You don't escape the difficult paradoxes we find in Israel's God by looking to Jesus - you only focus them. We see a God so ruthless in his anger at the spoiling of his creation and in the unfaithfulness of his chosen people, who is yet unrelenting in his love for his creation and his commitment to the redemption of his people - at the cost of his own intense suffering. Indeed, it is only in taking upon himself the curse that he himself issued, that he makes a way for his creation to rise again and be made new. Ecce Homo, Ecce Deus.

Shane said...

"So a punitive God who hurts and kills people? Sure - and let's not forget the Great Ethnic Cleanser who hates his enemies - the god Jesus entirely deconstructs in Matthew 5:43ff."

I always thought that they were the same guy.

Geoff said...

Just a thought... Perhaps an attempt to define "evil" more clearly might also assist in developing a response to it? This may be my own myopia, but it seems part of the problem we have discussing evil is that we approach it from so many different angles... there is clearly the "horrendous evil" of the tsunami, or the suffering of the innocent, but evil seems far more extensive... but how far? Can there be evil apart from moral being? Is it possible to view all corruption, natural or otherwise, as evil? Does evil inevitably stem from finitude? My tentative answer to each of these questions is 'yes' but as I'm not as well-read as many of you, I don't know that I will attempt to systematize my thought... so I'll just ask and hope for a response! :-)


Weekend Fisher said...

Hi all

1) Miner -- First, re: the Suffering Servant. It's almost a red herring to get into whether it's King Messiah (though your calling it "dishonest exegesis" was nice bait to go down the off-topic trail); still, while I can show from the rabbinic tradition that Messiah is the ultimate fulfillment of all prophecy, it's beside the point for whether God causes suffering. Regardless of the identity of the Suffering Servant, it was the LORD's will to crush him and cause him to suffer. Likewise, the prayer "Not my will but thine" cannot be brushed off so easily given a Trinitarian God. The Father willed the Son to suffer and die.

2) Kim - on your comment "So a punitive God who hurts and kills people? Sure - and let's not forget the Great Ethnic Cleanser who hates his enemies " (etc.). That came across as mocking, and it's fairly clear that the intent is as least to minimize the aspects of God's love and goodness with which you may possibly be personally uncomfortable, holiness and power and strength and justice and even punishment. God's love, God's goodness, includes the will to destroy evil. The power of God to destroy evil is part of the good news of the Last Day, part of the renewal of the world, part of the good news of the cross. I'm not dragging this out to annoy, but because the picture you've painted is such a truncated view of God's love that it amounts to a lesser view of love. I'm sure you intend it to be a greater kind of love but it is not. God takes no delight in the death of the wicked; but he will destroy wickedness all the same. God would rather have our wickedness destroyed in the cross with Christ. It was God's will to crush him; and not Christ's will, but the Father's. It's a greater love that includes these things; I'd respectfully ask that you give it open-minded consideration.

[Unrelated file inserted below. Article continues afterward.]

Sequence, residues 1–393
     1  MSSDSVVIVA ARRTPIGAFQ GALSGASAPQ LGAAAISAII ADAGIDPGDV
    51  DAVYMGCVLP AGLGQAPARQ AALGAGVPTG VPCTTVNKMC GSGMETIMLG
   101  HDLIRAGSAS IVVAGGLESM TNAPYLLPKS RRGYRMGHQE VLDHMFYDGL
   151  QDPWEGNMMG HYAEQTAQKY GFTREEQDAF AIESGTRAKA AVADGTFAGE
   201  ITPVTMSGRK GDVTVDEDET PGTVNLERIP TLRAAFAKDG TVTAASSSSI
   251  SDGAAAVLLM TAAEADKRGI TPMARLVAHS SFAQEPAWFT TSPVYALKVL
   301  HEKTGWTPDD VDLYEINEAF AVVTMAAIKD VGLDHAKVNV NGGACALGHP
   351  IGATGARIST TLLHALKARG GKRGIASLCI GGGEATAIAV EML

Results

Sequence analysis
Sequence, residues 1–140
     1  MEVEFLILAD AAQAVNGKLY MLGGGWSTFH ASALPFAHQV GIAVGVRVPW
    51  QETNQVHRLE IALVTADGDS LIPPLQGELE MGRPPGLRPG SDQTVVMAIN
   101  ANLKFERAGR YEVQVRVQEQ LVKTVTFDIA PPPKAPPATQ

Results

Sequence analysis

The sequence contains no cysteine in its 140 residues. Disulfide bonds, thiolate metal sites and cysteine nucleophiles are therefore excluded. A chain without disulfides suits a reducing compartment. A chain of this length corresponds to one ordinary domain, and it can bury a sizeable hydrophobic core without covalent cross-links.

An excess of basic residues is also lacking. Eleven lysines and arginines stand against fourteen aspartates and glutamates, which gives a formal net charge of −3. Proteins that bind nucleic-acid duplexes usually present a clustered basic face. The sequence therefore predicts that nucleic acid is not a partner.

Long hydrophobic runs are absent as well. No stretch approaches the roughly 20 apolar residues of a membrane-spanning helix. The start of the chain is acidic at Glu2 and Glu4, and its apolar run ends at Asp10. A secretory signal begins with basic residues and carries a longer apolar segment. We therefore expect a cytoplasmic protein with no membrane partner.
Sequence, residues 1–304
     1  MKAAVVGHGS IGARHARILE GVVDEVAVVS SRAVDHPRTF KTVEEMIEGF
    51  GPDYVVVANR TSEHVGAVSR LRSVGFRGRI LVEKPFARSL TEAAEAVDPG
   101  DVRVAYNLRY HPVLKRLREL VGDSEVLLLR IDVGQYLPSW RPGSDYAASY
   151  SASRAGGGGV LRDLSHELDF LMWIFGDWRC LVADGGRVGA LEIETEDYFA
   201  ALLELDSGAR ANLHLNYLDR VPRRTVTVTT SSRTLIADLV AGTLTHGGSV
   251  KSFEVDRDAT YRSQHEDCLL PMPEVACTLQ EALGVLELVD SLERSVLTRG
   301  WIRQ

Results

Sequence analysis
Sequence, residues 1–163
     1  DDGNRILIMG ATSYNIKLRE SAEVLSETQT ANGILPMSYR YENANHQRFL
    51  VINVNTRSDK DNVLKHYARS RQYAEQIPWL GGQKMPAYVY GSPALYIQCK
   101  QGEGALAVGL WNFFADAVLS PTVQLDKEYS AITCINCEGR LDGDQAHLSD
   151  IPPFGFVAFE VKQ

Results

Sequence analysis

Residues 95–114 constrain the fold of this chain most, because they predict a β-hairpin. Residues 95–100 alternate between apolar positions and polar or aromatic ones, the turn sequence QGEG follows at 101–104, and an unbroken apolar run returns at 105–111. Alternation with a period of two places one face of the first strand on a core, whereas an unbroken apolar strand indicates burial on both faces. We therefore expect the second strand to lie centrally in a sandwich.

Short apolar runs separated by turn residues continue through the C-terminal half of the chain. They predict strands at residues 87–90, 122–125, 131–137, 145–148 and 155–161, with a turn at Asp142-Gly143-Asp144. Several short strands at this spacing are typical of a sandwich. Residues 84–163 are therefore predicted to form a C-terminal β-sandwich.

Take care & God bless

Anonymous said...

Hi Weekend Fisher,

Sorry about my "mocking" comment, but it was directed to Shane, and Shane and those who have gotten to know and love him often take the piss out of each other. It is not to diss him; on the contrary, it assumes the highest respect. And as you can see, Shane has gently mocked me back!

Shane said...

yes, please not to worry on my account. My skin is thick and bristly and Kim can take care of himself. The Welsh are used to being made fun of as I understand it. (Fabricius doesn't sound like a Welsh name, but perhaps its a simplification of Fabrywllencyylwn).

Pleasantries aside, come on Kim, show me why you aren't a marcionite or a Sabellian modalist. Isn't sweet baby Jesus laying in the manger is the terrifying man of war who dips his arrows in the blood of his enemies in the OT, and who treads them in the winepress of his wrath in the apocalypse?

And if we believe in God's metaphysical simplicity, then we somehow have to say that God's wrath just is his love . . . because we cannot allow wrath and love to be two separate and competing principles in him.



Anonymous said...

Yo, Shane!